• Pregnancy Considerations: Atomoxetine is pregnancy category C medicine.
  • Breastfeeding considerations: No serious adverse events were reported in the breastfed infants, but alternate drugs for the treatment of ADHD are preferred.[10]

Adverse Effects

Atomoxetine has a United States (US) boxed warning for suicidal ideation in children and adolescents. An analysis of multiple short-term trials revealed increased suicidal ideation in children and adolescents treated with atomoxetine (0.4%) compared to those treated with a placebo (0%). Children and adolescents who start on atomoxetine require close monitoring for suicidal ideation and unusual changes in behavior. Clinicians should always perform a risk-benefit analysis before starting anyone on atomoxetine.[11]

Common Adverse Drug Reactions (Greater than 10%)

  • Headache (19%)[12]
  • Insomnia (1% to 19%)
  • Hyperhidrosis (4% to 15%)
  • Xerostomia (17% to 35%)
  • Delayed ejaculation and priapism(8% to 21%)[13]
  • Nausea (7% to 26%)
  • Decreased appetite (15% to 23%)
  • Abdominal pain (7% to 18%)
  • Vomiting (4% to 11%)[14]

Adverse Drug Reactions (1% to 10%)

  • Palpitations (3%), cold extremities (1% to 3%), prolonged QTc interval on ECG, increased diastolic blood pressure (5% to 9%), greater than or equal to 15 mmHg), systolic hypertension (4% to 5%), syncope (less than or equal to 3%), orthostatic hypotension (less than or equal to 2%), tachycardia (less than or equal to 2%)[15]
  • Fatigue (6% to 10%), dizziness (5% to 8%), depression (4% to 7%), disturbed sleep (3% to 7%), irritability (5% to 6%), jitteriness (2% to 5%), abnormal dreams (4%), chills (3%), paresthesia (adults 3%; postmarketing observation in children), anxiety (greater than or equal to 2%), hostility (children and adolescents 2%), emotional lability (1% to 2%), agitation, restlessness, seizures[16]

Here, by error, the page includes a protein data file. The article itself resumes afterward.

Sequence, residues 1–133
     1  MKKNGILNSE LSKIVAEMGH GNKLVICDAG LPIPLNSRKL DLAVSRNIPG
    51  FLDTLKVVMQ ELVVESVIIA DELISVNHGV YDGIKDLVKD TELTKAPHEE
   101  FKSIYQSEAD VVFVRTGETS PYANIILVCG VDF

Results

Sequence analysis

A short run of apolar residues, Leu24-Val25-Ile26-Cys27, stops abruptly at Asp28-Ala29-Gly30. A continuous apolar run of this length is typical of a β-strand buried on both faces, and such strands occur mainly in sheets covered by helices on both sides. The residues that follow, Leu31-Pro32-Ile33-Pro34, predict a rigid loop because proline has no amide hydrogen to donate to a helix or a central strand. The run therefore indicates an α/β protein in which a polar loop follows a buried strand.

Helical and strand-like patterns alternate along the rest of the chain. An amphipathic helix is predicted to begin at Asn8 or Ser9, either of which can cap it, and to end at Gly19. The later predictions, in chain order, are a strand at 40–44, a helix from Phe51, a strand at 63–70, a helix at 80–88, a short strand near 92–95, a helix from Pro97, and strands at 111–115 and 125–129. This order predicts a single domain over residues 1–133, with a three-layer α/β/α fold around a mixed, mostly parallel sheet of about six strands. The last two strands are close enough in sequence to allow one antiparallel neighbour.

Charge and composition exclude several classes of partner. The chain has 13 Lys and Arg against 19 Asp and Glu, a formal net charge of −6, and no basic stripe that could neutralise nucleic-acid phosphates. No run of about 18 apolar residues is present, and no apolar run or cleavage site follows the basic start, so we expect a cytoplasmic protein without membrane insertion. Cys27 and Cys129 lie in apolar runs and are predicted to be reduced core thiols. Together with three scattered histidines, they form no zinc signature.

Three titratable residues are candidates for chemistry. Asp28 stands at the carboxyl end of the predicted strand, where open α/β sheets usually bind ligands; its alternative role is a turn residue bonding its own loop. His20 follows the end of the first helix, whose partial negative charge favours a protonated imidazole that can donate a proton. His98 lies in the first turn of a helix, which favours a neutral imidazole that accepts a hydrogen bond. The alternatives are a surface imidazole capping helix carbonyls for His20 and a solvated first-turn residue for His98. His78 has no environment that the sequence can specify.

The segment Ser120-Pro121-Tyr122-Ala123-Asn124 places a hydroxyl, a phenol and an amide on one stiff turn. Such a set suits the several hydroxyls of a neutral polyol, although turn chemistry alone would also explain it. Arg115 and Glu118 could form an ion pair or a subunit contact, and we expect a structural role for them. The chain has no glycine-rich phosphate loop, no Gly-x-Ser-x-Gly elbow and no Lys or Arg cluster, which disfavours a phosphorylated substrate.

• Excoriation (2% to 4%), rash (2%), pruritus, urticaria,flushing (greater than or equal to 2%)weight loss (2% to 7%),  hot flash (3%), increased thirst (2%), menstrual disease, dyspepsia (4%), anorexia (3%), dysgeusia, flatulence,  urinary retention (1% to 6%), dysmenorrhea (3%), dysuria (2%),  pollakiuria, testicular pain, urinary frequency, tremor (1% to 5%), muscle spasm, weakness, blurred vision (1% to 4%), conjunctivitis (1% to 3%)decreased libido (3%), ejaculatory disorder (2% to 6%)[17]
  • Hepatotoxicity (hepatocellular with marked increases in serum aminotransferase level) Likelihood score: C (probable cause of clinically apparent liver injury)[18]


  • Contraindications to atomoxetine include allergy to atomoxetine, use of an MAOI within the last 14 days, narrow-angle glaucoma, history of pheochromocytoma, and cardiac disorders, which can not tolerate increases in blood pressure or heart rate.
  • Drug Interactions: Because of the potential for interaction with CYP2D6 inhibitors (paroxetine, fluoxetine, and quinidine) dose of atomoxetine needs to be adjusted to prevent side effects from a higher concentration of atomoxetine.[19]
  • Women of childbearing age should use appropriate contraceptive measures as the adverse effects of atomoxetine have not been investigated thoroughly during pregnancy. Women breastfeeding should exercise caution when taking atomoxetine as it is unknown if atomoxetine is excreted in breast milk.[20]

Boxed Warning (Package Insert)